Crime on the Border

Crime on the Border

Immigration and Homicide in Urban Communities

Unknown - 2003
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Studying El Paso, Miami, and San Diego over the years 1985-1995, Lee explores the complex relationship between ethnicity, immigration, and homicide. Popular opinion and sociological theory, particularly the social disorganization perspective, predict that immigration should increase levels of homicide where immigrants settle, but Lee's analysis (statistical, spatial, and temporal) generally finds that this is not the case. His results cast doubt on the taken-for-granted idea that immigration disrupts communities, weakens social control, and increases homicide levels. Rather, recent arrivals appear to play a positive role in these three cities, suggesting that conventional theories of crime be re-examined in light of the potentially revitalizing impact of immigration.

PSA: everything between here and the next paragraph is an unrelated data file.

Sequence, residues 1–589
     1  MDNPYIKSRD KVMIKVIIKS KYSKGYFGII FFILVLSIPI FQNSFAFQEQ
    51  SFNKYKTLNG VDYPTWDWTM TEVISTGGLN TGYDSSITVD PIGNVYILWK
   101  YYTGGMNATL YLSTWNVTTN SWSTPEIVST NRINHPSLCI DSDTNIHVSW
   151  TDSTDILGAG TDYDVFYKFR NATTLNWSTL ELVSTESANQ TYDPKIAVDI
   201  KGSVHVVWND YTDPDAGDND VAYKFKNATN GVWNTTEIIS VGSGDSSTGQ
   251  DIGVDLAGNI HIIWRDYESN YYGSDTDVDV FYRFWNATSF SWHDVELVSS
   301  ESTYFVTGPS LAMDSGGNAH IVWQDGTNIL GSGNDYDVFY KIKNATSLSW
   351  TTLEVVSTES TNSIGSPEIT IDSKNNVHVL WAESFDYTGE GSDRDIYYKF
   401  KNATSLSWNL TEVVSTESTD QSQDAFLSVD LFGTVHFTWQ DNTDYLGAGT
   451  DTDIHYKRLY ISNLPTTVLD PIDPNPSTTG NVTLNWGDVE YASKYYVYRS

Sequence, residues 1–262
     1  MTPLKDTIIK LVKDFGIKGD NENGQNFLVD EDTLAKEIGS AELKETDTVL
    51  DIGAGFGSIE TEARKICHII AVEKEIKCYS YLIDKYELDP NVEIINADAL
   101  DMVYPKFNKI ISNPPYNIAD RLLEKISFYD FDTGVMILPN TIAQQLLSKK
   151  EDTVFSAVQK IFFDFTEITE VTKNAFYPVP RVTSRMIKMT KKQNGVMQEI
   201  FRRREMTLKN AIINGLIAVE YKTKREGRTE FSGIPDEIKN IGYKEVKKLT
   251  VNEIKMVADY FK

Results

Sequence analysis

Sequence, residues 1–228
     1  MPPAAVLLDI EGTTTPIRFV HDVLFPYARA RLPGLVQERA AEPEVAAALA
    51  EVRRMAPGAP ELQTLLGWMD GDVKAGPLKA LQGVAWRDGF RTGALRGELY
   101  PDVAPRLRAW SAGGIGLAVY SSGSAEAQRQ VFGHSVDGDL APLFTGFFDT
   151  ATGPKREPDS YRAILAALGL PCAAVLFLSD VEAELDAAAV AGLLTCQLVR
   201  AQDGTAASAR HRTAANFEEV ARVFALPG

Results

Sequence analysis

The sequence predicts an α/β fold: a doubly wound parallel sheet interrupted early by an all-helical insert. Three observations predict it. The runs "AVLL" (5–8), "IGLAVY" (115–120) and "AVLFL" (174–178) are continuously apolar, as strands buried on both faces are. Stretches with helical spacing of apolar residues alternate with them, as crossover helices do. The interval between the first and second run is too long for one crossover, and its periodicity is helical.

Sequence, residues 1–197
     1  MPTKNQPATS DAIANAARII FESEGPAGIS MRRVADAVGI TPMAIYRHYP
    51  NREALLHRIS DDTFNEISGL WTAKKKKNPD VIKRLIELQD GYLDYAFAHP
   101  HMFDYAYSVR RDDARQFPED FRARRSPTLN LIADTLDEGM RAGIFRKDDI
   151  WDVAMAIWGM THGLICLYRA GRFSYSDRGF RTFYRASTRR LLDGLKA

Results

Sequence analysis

Publisher: New York : LFB Scholarly Pub., 2003.
Characteristics: 1 online resource (xii, 158 pages) : illustrations, maps.
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